We recently took a look at Cross Site Scripting (XSS) in a “Learning Series” blog article. In this blog article we’re going to turn our focus to SQL Injection, sometimes abbreviated as SQLI. Like XSS, SQL Injection has been on the OWASP Top 10 list of web application risks since the initial publication of the list in 2003. The most recent incarnation of the OWASP Top 10 has SQL Injection included in a broader category labeled, “Injection” and is number one on the Top 10 list of risks. For a threat that’s been around since the inception of the OWASP Top 10 list, it should be troubling that 26 percent of all small businesses have suffered from a SQL Injection attack in the last year. And according to a recent article it remains one of the least-talked about threats to organizations.
What is SQL Injection?
SQL injection essentially involves the insertion of “text” that when read by the application is converted to a query into an SQL database to retrieve data that should not have been accessible through the application. The earliest known SQL Injection attack was discovered in 1998. The simplest example of SQL injection would be a login page with two fields, “username” and “password”. A website set up display your current user profile might require a username and password in order to validate your identity, and validates the username and password by sending a SQL database query, something like:
Assuming a valid username and password, this query would return the user’s city, country, email, phone and first and last name. Now let’s assume a hacker decides to try SQL Injection to get hack this private information from the web application. If the web application did not have any type of coding protection or security protection against SQL Injection, a hacker could simply enter a “username” in the “username” field and “password’ OR ‘1’=’1” in the password field. In an unprotected application this would create the query:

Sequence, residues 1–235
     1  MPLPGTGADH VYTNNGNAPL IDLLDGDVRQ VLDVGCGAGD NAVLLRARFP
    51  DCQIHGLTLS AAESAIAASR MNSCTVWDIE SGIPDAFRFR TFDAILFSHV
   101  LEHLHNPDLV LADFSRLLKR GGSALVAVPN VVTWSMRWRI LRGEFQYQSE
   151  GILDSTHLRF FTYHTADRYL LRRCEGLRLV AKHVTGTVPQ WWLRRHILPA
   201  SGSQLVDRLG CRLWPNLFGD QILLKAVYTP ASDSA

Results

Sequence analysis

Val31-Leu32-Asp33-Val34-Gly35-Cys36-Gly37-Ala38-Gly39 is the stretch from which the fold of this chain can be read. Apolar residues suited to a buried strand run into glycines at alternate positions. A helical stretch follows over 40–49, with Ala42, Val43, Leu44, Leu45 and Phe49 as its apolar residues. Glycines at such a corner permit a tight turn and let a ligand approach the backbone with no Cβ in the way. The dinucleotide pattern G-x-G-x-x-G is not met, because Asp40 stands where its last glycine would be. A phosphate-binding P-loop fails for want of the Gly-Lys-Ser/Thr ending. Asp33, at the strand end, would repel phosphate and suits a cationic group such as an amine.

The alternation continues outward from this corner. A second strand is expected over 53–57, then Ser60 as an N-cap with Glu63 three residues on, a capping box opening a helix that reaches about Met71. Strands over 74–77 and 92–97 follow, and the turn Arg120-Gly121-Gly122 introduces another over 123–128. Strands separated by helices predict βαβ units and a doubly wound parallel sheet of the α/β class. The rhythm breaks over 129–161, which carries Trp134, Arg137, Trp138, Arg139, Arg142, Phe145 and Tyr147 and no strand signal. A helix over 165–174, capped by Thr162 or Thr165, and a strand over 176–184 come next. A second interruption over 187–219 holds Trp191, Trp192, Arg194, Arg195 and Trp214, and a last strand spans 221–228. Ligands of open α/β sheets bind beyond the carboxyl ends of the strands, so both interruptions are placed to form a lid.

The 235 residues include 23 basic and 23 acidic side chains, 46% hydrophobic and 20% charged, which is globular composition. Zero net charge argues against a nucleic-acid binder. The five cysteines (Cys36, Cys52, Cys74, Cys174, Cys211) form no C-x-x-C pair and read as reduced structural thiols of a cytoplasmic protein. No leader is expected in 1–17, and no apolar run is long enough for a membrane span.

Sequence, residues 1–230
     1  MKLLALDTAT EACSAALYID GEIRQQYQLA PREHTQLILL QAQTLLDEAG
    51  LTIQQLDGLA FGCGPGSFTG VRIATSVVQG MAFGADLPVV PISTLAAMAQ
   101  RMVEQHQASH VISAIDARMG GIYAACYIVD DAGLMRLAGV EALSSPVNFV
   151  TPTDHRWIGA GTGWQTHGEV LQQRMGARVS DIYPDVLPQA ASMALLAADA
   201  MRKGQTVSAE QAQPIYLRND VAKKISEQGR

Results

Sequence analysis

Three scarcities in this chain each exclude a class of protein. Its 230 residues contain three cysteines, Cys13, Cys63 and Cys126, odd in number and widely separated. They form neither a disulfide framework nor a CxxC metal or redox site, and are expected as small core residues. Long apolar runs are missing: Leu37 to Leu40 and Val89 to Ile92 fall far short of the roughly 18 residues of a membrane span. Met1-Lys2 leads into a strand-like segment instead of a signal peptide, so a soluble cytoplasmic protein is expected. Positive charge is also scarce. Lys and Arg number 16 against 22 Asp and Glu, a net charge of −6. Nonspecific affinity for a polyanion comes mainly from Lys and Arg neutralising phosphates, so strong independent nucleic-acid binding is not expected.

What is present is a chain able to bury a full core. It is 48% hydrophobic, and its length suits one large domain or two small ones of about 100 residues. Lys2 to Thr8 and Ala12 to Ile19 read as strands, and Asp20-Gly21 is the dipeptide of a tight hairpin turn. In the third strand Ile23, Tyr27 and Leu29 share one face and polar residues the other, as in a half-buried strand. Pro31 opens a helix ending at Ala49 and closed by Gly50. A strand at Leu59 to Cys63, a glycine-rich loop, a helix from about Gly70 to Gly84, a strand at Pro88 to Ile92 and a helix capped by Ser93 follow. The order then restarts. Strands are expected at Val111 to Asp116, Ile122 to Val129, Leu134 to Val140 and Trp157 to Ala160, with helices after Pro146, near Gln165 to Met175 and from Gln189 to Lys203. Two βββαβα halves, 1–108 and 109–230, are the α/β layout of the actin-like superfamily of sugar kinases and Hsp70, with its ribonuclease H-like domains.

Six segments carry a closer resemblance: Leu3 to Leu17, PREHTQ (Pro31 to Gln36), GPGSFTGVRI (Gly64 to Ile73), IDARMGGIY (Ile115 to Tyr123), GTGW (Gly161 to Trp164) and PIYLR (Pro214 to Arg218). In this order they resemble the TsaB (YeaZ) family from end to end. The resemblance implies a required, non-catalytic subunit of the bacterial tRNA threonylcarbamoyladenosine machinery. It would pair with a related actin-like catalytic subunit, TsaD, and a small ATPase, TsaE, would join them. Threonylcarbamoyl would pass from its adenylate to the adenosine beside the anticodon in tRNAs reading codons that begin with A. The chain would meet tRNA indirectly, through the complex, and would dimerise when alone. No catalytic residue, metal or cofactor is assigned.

In this case even if the username and password are not correct, the database query would still return the user’s personal information, since the “‘1’=’1′” would come back as “TRUE”, satisfying the SQL query’s “where” statement.
The cyber criminal has essentially hacked the system and gotten personal information without knowing the user’s password. There are of course many more sophisticated variations on this attack, but the “1=1” trick is the simplest and most well-known. Variations on SQL Injection have caused notable data breaches. In February 2002, Jeremiah Jacks discovered that Guess.com was vulnerable to an SQL injection attack, allowing anyone knowledgeable enough to be able to construct a properly-crafted URL to pull down 200,000+ names, credit card numbers and expiration dates in the site’s customer database.
SQL Injection is so ingrained in IT folklore, it even made it to the popular XKCD comic strip:
A recent article from entrepreneur.com gives us some insight into one type of application that significant SQL Injection attack risk: